Thirty-eight of forty patients, allergic to the pollen of dwarf and giant ragweed, were found to be allergic also to the pollen of botanically related species. There was definite variation in the degree of reactivity to the various pollens in different patients. One additional patient reacted to dwarf ragweed but not to giant ragweed or to four other composites.

Antibody neutralization studies in six cases indicated that (a) in four cases dwarf ragweed could have been the only sensitizing allergen. (b) In one case either dwarf or giant ragweed could have been the only sensitizing allergen. (c) In one case cosmos plus either of the ragweeds or some undetermined pollen could have been the sensitizing allergen, (d) In none of the six cases studied could cosmos, sunflower, goldenrod, or dandelion have been the only sensitizing allergens.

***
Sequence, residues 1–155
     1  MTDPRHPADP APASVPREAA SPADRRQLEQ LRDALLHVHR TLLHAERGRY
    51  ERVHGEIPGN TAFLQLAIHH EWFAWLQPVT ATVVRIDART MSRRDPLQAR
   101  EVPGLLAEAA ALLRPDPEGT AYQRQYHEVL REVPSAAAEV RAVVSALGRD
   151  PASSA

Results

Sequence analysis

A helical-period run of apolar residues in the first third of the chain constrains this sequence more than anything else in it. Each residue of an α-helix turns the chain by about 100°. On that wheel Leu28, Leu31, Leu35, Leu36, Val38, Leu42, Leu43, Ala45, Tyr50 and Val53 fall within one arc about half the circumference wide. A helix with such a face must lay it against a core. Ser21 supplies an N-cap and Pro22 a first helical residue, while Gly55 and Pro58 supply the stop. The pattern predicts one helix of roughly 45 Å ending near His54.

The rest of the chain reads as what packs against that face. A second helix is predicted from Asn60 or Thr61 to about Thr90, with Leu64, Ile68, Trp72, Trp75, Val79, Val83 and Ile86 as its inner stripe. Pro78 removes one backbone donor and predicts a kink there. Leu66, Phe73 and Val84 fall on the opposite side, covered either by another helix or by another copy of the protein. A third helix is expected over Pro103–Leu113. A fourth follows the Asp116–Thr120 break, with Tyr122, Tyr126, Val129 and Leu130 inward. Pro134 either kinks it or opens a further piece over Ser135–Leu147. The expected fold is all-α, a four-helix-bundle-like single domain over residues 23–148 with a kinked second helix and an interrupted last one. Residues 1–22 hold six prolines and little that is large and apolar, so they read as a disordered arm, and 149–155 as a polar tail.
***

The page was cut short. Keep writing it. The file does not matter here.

The evidence presented supports the following concepts: (1) Hypersensitiveness of this type develops as the result of allergenic stimulation. (2) The pollens of the ragweeds and their botanic relatives contain, in addition to species-specific allergens, multiple common allergenic determinants which vary in their distribution among related species. (3) A person exposed simultaneously to a group of allergens may become sensitized to certain members of the group and not to others, while another person, exposed to the same group of allergens, may become sensitized to different members of the group.

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